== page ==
Public accountability

An effective accountability system is critical to maintaining trust and confidence in the public sector and in government. Specific work we intend to carry out in 2022/23 will focus on: 

  1. accountability of the public sector to Māori; 
  2. how well the public sector is planning for the future; 
  3. integrity in the public sector; and 
  4. reporting on well-being.

We are also interested in how reforms will strengthen public sector performance and accountability and how these changes are planned, managed, and governed. We intend to keep a watching brief on the accountability arrangements made as part of the major public sector reforms, particularly in health, three waters, and tertiary education.

Keeping New Zealanders informed

Our regular reporting is the main way we can keep New Zealanders informed about how the public sector is performing. In 2022/23, we will continue to carry out:

  1. research on public sector accountability to local and regional communities;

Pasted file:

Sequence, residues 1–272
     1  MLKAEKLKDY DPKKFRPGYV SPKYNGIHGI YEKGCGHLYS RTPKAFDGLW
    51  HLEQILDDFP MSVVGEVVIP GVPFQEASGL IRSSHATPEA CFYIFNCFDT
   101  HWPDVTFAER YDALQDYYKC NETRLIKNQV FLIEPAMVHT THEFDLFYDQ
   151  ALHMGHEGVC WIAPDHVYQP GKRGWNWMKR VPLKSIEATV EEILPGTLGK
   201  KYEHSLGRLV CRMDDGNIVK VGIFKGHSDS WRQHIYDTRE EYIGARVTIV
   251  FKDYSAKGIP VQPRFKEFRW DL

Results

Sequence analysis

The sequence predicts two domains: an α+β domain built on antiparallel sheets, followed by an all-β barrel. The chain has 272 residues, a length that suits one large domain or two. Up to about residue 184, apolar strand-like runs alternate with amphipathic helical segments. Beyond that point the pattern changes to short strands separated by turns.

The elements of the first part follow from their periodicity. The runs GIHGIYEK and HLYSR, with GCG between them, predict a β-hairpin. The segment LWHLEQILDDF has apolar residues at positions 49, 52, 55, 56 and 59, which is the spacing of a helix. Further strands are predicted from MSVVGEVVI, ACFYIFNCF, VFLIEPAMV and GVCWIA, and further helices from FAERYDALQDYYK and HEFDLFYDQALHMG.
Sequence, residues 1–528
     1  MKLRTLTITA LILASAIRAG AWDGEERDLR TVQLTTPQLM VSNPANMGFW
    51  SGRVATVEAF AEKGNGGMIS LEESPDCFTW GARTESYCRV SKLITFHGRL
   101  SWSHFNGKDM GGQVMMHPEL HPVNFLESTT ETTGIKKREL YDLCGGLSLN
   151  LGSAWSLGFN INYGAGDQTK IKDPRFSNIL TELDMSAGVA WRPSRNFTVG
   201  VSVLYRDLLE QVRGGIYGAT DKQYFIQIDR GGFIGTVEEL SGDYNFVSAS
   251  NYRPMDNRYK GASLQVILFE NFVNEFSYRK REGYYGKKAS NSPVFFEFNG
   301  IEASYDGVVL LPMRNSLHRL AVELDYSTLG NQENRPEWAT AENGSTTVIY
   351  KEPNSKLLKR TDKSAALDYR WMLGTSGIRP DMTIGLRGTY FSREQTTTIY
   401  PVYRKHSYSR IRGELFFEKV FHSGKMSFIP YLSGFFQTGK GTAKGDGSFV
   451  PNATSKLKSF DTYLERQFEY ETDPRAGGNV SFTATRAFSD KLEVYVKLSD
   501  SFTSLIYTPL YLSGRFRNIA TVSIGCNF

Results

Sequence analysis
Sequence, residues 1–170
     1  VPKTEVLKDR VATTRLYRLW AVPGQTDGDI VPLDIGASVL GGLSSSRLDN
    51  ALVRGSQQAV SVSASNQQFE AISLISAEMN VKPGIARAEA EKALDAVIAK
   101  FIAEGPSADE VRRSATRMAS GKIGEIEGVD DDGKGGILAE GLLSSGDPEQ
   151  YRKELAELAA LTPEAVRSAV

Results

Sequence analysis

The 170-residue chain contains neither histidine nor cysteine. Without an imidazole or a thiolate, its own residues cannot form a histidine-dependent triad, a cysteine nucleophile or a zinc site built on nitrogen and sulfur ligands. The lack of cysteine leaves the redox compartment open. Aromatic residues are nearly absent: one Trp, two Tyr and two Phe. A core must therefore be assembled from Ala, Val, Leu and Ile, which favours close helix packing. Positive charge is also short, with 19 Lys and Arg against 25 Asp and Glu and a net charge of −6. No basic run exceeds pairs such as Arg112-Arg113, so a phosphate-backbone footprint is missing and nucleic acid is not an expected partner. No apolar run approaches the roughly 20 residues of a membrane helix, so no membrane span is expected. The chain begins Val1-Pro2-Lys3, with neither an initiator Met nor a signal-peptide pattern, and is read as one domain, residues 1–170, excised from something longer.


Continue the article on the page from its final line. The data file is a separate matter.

2. reporting on sector-level performance reporting; and 
  3. our regular reporting.

We continue to be interested in better understanding what information about public services New Zealanders consider relevant and important. We will continue our work in tracking reported performance across sectors subject to significant reform, such as health, three waters, and tertiary education, and intend to make this publicly available data more accessible.

Sharing what “good” looks like

To improve their performance, public organisations need to understand what is expected of them. In 2022/23, we intend to continue sharing examples of good practice to support public organisations to improve.

After the local government elections in October 2022, we will offer induction sessions to new councillors and provide them with our good practice resources on topics of interest, including managing conflicts of interest. We will also maintain our focus on supporting independent audit and risk committees. We see these committees as critical in supporting public organisations to improve their performance and accountability.

To help improve public sector procurement practices, we also intend to publish a report reflecting on our findings from our multi-year work programme on procurement.

See our good practice section

Page last updated: 13 October 2022